Boeing on Wednesday insisted its 787 Dreamliner was safe after US authorities ordered airlines to stop flying the plane over a fire risk linked to its lithium batteries.
"We are confident the 787 is safe and we stand behind its overall integrity," Boeing CEO Jim McNerney said in a statement.
"We will be taking every necessary step in the coming days to assure our customers and the traveling public of the 787's safety and to return the airplanes to service."
Japan's two biggest airlines had already taken almost half the global fleet out of service, but the announcement by the US Federal Aviation Administration (FAA) means 30 of the world's 50 Dreamliners have now been grounded.
"The safety of passengers and crew members who fly aboard Boeing airplanes is our highest priority. Boeing is committed to supporting the FAA and finding answers as quickly as possible," McNerney said.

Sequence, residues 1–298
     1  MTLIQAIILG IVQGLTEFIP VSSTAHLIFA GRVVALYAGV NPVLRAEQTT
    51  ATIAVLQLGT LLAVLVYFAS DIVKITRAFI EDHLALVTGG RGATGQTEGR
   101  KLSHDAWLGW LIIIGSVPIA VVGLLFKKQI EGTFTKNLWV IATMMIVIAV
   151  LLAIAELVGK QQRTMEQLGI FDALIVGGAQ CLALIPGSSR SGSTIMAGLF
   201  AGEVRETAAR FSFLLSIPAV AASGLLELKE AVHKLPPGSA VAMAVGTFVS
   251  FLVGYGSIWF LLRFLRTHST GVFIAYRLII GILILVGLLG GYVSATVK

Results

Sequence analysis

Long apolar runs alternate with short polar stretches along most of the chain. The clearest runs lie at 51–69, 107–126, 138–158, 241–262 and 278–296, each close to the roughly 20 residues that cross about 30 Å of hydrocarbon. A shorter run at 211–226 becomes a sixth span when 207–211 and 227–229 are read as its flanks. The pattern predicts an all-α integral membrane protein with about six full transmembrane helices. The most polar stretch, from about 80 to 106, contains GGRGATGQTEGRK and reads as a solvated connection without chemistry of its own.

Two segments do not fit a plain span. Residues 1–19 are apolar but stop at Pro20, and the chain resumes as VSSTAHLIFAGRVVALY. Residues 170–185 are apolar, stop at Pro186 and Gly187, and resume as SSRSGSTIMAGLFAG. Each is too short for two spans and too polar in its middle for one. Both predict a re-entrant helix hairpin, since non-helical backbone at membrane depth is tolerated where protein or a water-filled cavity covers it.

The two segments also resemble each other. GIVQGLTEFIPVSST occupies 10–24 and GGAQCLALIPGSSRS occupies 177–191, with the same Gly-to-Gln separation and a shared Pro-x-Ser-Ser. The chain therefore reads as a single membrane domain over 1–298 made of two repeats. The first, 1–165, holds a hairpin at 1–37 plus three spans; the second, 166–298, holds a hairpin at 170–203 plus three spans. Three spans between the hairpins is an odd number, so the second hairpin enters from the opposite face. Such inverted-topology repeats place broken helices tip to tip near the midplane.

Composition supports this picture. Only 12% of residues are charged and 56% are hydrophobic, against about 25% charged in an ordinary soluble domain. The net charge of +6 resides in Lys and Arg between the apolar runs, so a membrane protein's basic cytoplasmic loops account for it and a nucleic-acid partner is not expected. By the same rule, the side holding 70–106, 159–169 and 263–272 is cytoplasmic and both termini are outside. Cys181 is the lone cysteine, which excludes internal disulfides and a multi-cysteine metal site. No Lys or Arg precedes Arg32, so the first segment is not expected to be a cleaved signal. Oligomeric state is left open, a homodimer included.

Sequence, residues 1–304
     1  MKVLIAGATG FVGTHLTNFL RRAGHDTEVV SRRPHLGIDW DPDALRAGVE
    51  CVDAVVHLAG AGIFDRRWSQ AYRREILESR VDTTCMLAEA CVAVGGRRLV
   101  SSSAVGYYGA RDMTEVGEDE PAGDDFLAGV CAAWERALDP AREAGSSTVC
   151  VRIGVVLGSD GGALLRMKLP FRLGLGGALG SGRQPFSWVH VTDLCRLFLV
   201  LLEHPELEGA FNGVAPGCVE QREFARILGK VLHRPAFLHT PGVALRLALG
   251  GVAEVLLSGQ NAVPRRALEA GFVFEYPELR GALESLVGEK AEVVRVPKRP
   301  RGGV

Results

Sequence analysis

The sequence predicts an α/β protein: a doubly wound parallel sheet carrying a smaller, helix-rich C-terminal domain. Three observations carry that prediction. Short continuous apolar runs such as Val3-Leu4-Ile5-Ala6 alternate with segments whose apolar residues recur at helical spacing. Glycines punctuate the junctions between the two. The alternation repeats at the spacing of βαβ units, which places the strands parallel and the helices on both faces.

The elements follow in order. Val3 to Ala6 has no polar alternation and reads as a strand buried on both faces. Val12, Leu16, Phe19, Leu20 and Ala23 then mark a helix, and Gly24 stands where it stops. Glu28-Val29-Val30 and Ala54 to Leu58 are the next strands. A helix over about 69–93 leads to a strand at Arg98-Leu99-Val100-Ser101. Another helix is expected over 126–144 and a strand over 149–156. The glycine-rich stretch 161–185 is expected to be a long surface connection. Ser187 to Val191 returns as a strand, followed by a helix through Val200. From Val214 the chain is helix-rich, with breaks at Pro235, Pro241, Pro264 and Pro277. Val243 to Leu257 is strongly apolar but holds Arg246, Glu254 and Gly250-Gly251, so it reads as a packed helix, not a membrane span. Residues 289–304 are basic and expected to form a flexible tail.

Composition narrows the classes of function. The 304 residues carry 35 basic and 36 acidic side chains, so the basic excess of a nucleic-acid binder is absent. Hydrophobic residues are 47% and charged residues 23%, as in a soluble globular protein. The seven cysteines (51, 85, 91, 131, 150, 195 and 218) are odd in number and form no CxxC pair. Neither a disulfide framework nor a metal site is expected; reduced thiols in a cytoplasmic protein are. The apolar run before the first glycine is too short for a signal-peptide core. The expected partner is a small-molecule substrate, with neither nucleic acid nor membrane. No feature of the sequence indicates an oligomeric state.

He added that his company "deeply regrets the impact that recent events have had on the operating schedules of our customers and the inconvenience to them and their passengers."
The FAA action was prompted by a battery incident during an All Nippon Airways flight that resulted in an emergency landing in Japan on Wednesday, following another incident last week on an ANA 787 on the ground in Boston.
ANA and its rival Japan Airlines (JAL) -- among Boeing's biggest customers for the Dreamliner -- said they would ground their entire 787 fleets through Thursday at least, pending safety checks.
ANA has 17 Dreamliners and JAL has seven -- almost half the 50 planes currently in operation worldwide. Boeing has orders for nearly 850.
The Dreamliner is considered an aviation milestone with its extensive use of lightweight composite materials and electronics, instead of aluminum and hydraulics, and airlines have embraced the plane as a way to cut fuel costs.
But a week of mishaps leading up to the forced landing in Japan has made for unwelcome headlines for US manufacturing giant.